The use of this screening by insurance companies is a scare for many people. "Knowing you are susceptible to breast cancer or diabetes would be invaluable to an HMO looking for ways to screen out riskier candidates and thus keep costs down - and profits up." (Hallowell). But, thirty states have already passed laws prohibiting such screening for jobs and insurance. Thankfully, because "everyone is susceptible to one disease or another." (Hallowell). But will that statement ring true forever? If the babies are selected for healthiness, then there will be an elimination of some diseases, and maybe not everyone will be susceptible to something. Maybe no one will be susceptible to anything and we will live forever! I find that just as scary as "designer babies". "Five years ago, most Americans rejected the Clinton Administration's proposals for a larger government role in managing health insurance. But if genetic testing starts to have a real impact on their health-care coverage, they could have second thoughts, and may seek refuge in some form of nationalized health insurance. In that case, it will be up to the insurance industry to offer a free-market alternative that Americans find palatable." (Hallowell).

There is a large market for genetic screening in commercial and pharmaceutical business. The public needs to be educated on the reality of its use and ability. Like previously stated, the results are not always clear. It may be of great benefit for people to know what diseases they are susceptible to, to take the necessary precautions earlier in life. Presently, all babies born in hospitals are screened for PKU (phenylketonurea), because it is treatable disease if treated early and if left untreated causes severe mental retardation. The genetic screening process could be comparable to the vaccines children receive today. It may be "an extension of preventative medicine" (web).

In 1968, the World Health Organization (WHO) recommended criteria for a condition worthy of a screening program:

  1. The condition sought should be an important health problem.
  2. The natural history of the condition should be adequately understood.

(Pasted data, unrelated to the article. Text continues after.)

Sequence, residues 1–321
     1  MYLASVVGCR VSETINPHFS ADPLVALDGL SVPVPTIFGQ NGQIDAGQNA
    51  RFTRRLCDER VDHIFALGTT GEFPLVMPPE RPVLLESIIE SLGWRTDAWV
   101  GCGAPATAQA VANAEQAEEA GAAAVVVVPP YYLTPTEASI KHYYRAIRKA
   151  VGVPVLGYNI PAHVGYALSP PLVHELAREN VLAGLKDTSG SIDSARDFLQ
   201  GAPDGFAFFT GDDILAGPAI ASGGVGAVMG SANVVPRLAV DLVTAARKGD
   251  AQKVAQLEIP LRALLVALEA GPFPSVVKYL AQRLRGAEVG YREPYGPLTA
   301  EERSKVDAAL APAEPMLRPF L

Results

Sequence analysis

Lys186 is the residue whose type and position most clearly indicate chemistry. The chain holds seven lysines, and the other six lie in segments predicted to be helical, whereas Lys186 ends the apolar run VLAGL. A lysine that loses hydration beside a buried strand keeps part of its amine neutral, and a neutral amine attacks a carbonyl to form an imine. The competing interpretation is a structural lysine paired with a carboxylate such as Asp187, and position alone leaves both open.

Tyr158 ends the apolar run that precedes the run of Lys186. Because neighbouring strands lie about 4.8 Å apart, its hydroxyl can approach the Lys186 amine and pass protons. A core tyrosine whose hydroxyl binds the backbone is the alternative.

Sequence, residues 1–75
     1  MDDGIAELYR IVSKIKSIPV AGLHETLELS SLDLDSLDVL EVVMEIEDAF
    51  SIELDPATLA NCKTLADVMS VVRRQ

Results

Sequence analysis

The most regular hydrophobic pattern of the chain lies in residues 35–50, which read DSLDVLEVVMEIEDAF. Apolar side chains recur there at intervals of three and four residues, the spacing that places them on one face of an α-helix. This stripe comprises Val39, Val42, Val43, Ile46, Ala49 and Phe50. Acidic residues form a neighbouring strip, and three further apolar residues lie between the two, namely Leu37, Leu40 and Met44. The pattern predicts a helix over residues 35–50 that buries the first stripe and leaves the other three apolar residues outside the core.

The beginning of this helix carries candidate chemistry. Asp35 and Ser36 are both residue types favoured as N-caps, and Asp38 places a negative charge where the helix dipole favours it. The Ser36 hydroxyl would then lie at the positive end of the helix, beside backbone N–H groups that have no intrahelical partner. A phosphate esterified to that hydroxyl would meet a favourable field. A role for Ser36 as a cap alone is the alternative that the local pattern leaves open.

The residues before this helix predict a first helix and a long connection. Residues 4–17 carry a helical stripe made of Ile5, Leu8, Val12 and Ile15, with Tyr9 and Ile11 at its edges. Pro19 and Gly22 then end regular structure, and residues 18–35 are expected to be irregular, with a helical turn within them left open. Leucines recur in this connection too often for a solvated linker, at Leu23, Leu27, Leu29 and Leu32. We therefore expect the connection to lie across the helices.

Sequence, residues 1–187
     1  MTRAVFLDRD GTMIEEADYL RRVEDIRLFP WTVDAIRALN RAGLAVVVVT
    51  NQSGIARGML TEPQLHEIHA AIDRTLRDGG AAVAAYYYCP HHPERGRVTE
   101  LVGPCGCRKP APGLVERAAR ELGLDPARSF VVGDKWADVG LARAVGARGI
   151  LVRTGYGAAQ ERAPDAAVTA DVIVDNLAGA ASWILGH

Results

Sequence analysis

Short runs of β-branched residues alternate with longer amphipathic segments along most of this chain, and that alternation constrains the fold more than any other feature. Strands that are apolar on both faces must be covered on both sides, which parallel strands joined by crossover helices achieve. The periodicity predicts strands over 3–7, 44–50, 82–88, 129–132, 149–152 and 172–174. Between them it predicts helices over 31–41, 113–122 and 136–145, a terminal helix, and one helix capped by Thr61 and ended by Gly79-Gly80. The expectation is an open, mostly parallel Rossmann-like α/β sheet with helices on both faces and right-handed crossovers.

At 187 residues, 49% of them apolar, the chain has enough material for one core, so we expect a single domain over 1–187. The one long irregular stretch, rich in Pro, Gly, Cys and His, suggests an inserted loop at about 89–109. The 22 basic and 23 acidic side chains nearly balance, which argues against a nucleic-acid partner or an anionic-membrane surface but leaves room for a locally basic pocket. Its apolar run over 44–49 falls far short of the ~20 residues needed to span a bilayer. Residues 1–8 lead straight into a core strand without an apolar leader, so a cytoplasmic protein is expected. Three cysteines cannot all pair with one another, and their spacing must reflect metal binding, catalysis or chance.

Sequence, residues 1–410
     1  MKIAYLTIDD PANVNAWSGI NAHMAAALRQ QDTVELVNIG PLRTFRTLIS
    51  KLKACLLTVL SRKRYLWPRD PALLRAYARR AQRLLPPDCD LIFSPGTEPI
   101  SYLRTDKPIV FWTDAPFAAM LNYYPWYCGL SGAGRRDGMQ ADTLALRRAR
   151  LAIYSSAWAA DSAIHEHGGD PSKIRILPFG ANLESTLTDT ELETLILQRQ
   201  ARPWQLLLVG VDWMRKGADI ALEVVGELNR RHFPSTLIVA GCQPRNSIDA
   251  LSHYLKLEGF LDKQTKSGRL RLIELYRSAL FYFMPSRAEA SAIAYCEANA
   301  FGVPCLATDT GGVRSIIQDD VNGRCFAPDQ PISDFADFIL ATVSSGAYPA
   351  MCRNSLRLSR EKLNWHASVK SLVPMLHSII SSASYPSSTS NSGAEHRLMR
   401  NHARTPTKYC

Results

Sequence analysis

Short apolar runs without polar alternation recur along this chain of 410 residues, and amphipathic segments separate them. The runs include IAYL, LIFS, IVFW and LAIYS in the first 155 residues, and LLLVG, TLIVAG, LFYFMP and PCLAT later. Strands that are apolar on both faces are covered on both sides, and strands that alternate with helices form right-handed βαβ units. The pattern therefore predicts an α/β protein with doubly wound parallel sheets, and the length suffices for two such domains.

3. There should be a recognizable latent or early symptomatic stage.
  4. There should be a treatment.
  5. There should be an agreed upon policy on whom to treat as patients.
  6. Case finding should be a continuous process, not a once and for all project.
  7. A suitable screening test should be available.
  8. The teat should be acceptable to the population.
  9. Facilities for diagnosis and treatment should be available.
  10. The cost of case finding (diagnosis and treatment) should be economically balanced in relation to possible expenditure on medical care as a whole.

If there is to be a mass screening, it has to be voluntary, there has to be widespread education about possibilities, wide access to the population, quality assurance an screening and treatment, good public registers, and ethical and scientific training of screening personnel. (web). But even after these criteria are met, there is still the concern of geneticophobia, or the social discrimination. There is always a fear of the unknown, even if some of the people are educated, there will always be some that are not; and even if all people know the risks and benefits, they will never agree.

I think genetic screening is a good piece of technology. It has saved a large number of babies from living with PKU, it can help people treat diseases earlier, be prepared for late onset diseases, and take the necessary precautions to prevent a disease they are susceptible to. These are wonderful advances in the health technology. What I would hate to see in the future is for parents to order children with "all the options". Something wonderful can always turn to something terrible in the wrong hands. There has to be a line drawn somewhere, and that is the question, where? And even if there are laws prohibiting, there are people who do not obey the law (to the letter). There is still something to be said about marrying for love (and not genes) and letting nature take its course.